Following the walkabout we are shown into a VIP tasting area. As it’s summer, we are poured a taster of the Aurora Cherryalis Sour. I’m not very fond of sours, but I must say that the cherryness offsets the bitterness that typical make sours get-away-from-me beers. It’s also got a hint of sea smoke and peatiness, making this ideal for scotch drinkers. I find the Husky IPA not spectacularly hoppy, which is just fine for me, and will be a great option to pop open come January. The winner here is the Smoked Porter, which is positively divine.

I’m hurried through the gift shop, which is rather crowded, and am told that there is much, much more merch to be had at the Alaskan Brewing Company Depot, located in town at 219 S. Franklin Street. Hopefully later.

Kara takes Vicky and myself for lunch at Zerelda’s Bistro (9351 Glacier Hwy, Juneau, Alaska, 99801, 907/500-7096). It’s a cute little place owned and run by a baker, which certainly explains the gourmet cookies and creative sandwiches.

Along the waterfront, Victoria and I check in at the Four Points by Sheraton Juneau (51 Egan Drive, Juneau, Alaska, 99801, 907/586-6900), with its comfy lobby abutted by McGivney’s Sports Bar and Grill. Our quarters are roomy and allow us to spread out, which feels nice after so many cramped spaces in trains and planes the past few days.

Later Kara picks us up for a driving tour of central Juneau that takes us past the statehouse and governor’s mansion. Along Franklin Street are some of the oldest water holes in the state, including the Red Dog Saloon at 278 South Franklin, where, above the bar, is showcased a weapon checked with the marshall on June 27, 1900, by none other than Wyatt Earp, who was on his way to prospect far to the north in Nome, but apparently felt he wouldn’t need — or forgot — his weapon.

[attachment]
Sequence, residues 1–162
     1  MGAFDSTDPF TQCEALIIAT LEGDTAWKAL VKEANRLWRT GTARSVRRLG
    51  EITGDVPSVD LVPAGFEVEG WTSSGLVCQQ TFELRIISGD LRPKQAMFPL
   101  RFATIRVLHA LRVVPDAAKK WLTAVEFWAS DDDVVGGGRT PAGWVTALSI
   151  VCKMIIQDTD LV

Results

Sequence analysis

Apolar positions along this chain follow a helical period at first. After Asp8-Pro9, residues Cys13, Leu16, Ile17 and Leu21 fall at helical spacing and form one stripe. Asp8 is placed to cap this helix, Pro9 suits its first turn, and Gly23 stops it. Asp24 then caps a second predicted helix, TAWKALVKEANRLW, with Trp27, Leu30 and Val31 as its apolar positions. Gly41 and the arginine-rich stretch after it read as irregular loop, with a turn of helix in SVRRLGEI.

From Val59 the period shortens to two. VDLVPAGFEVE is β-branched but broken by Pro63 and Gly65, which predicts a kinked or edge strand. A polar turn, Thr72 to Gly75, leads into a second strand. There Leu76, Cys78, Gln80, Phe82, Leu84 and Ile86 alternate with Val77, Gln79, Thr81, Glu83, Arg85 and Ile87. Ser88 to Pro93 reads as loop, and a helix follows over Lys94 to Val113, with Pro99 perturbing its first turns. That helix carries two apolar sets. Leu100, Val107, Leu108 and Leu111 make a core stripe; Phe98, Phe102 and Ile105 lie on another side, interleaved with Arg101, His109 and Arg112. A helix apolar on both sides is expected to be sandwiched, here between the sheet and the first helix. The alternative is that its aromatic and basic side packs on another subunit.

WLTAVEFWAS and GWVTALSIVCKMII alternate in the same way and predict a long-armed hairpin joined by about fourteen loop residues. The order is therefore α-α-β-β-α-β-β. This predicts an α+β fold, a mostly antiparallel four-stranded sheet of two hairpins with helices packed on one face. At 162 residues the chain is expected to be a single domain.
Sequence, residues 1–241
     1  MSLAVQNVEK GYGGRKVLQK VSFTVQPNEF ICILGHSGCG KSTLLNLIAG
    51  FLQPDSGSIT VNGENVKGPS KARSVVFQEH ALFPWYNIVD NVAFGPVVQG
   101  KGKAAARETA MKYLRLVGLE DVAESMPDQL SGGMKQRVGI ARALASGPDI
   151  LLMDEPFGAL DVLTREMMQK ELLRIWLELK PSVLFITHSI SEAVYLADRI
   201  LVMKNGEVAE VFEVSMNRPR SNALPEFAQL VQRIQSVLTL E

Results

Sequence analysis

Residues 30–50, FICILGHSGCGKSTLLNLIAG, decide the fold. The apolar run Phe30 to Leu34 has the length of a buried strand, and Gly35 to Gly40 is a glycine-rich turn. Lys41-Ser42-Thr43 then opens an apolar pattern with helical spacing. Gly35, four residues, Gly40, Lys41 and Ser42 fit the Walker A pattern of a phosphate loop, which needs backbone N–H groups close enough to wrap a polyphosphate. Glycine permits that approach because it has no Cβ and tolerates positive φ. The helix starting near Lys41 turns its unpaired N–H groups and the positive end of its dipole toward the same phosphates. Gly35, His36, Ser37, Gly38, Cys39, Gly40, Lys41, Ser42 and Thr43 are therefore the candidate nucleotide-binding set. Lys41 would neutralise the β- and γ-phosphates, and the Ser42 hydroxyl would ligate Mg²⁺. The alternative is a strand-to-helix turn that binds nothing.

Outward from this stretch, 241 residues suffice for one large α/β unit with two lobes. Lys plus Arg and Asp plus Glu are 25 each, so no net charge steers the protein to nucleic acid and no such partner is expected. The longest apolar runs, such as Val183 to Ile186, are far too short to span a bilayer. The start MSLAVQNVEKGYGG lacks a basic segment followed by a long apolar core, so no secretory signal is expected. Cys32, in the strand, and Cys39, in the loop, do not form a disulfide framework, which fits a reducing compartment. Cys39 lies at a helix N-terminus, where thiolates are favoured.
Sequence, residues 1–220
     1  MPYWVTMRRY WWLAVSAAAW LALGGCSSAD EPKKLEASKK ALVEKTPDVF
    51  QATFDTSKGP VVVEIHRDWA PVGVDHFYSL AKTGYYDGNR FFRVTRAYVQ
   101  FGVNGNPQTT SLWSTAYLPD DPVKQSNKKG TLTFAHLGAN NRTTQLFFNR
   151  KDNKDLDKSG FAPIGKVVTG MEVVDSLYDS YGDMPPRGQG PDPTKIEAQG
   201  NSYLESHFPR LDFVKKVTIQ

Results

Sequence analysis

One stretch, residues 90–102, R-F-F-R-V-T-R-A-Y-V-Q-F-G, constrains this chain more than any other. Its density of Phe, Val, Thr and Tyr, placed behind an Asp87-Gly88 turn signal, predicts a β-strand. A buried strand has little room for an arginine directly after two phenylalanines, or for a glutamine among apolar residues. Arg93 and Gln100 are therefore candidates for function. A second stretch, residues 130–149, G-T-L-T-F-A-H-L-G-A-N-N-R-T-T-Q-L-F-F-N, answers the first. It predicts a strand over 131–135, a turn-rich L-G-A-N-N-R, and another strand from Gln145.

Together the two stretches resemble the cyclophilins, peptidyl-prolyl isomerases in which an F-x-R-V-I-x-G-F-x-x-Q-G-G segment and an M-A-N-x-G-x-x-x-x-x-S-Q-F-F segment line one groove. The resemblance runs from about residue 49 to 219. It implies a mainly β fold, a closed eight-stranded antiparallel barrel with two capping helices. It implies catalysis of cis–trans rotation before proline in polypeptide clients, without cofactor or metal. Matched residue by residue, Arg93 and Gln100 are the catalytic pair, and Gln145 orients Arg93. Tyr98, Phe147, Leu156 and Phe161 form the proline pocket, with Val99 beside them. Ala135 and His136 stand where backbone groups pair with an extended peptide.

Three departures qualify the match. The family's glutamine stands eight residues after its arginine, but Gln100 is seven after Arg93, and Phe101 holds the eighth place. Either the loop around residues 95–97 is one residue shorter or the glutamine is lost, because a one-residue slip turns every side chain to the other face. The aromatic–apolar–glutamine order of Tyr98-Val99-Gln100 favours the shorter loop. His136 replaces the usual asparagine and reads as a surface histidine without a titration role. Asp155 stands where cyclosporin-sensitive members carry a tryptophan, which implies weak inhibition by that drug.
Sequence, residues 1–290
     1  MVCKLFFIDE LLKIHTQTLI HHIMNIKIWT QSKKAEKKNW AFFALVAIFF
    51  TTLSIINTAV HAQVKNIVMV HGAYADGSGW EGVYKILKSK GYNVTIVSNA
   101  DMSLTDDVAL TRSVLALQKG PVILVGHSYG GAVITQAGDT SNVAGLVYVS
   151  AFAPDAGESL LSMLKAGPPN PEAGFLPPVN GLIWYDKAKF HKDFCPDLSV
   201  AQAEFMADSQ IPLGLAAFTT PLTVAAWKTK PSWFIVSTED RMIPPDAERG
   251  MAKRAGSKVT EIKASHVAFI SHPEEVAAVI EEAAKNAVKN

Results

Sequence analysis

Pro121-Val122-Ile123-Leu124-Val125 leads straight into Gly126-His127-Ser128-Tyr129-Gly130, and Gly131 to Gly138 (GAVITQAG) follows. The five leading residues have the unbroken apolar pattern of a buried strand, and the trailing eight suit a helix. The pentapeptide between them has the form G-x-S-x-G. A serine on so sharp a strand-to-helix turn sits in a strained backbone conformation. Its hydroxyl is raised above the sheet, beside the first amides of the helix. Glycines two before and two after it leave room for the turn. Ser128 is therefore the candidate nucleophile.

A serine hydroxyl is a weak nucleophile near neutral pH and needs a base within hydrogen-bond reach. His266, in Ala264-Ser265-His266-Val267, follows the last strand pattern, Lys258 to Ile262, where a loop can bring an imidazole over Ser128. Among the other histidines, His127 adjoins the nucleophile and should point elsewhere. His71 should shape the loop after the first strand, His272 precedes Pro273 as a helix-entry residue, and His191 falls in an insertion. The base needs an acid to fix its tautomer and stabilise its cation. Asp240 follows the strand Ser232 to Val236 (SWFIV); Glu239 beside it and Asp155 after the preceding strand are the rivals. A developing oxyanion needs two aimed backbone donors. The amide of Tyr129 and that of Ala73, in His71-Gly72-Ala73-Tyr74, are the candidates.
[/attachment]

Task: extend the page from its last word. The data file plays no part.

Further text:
Oh, and while at the Red Dog, be sure to order up a round of the house specialty, the Duck Fart shot. (It sounds far worse than it tastes, I promise.)

Kara also takes us by the port, where cruise ships dock regularly during the summer. And although recreational marijuana was legalized throughout Alaska by a 2015 referendum, I learn from several folks in town that cruise passengers disembarking make the mistake of trying to then take some 420 from Juneau’s dispensaries back with them onto their ships, only to have it confiscated upon re-boarding.

Also, unlike Amsterdam, there are no “public” places to smoke up in Juneau. You can buy it but cannot smoke it on the streets or in hotels — another strike if you’re here as a tourist. The only “advice” to impart on this matter is to make friends with a local so you can toke up (legally) at his or her private residence.

For dinner Kara takes us to the hip joint Salt (200 Seward St., Juneau, Alaska, 99801, 907/780-2221). It’s cocktail o’clock so I order the Belvedere Blues, a martini made with Belvedere vodka, vermouth, olives hand-stuffed with blue cheese (blue cheese is delicious; everyone who says otherwise is wrong) and olive juice. It’s precisely what I need right now, with the saltiness of the olives and juice nicely complementing the vodka. Victoria opts for a cocktail infused with Amalga, a local Juneau-distilled gin.

Appetizers of halibut bites and salmon lumpia are both well prepared, but the true winner taste-wise is the duck confit salad.

For entrees I try the scallops, which are decent if not amazing. Victoria has the king crab risotto, and Kara orders up the halibut chowder, which comes over the table still cooking, and you can actually watch the ingredients pop and move with the heat. For the table we share a delish sauvignon blanc from New Zealand.

Dessert is bourbon cake, chocolate pots de crème and a vanilla crème brulee that is out of this world. You can come here for dessert alone and leave very happy.

After a nightcap we turn in. There’s still one more full — and final — Alaska day afore us.


Day 2:

If there’s one thing Victoria and I haven’t done “enough” of on this trip, it’s eat. So what better way to kick off our final day in Alaska than a food tour?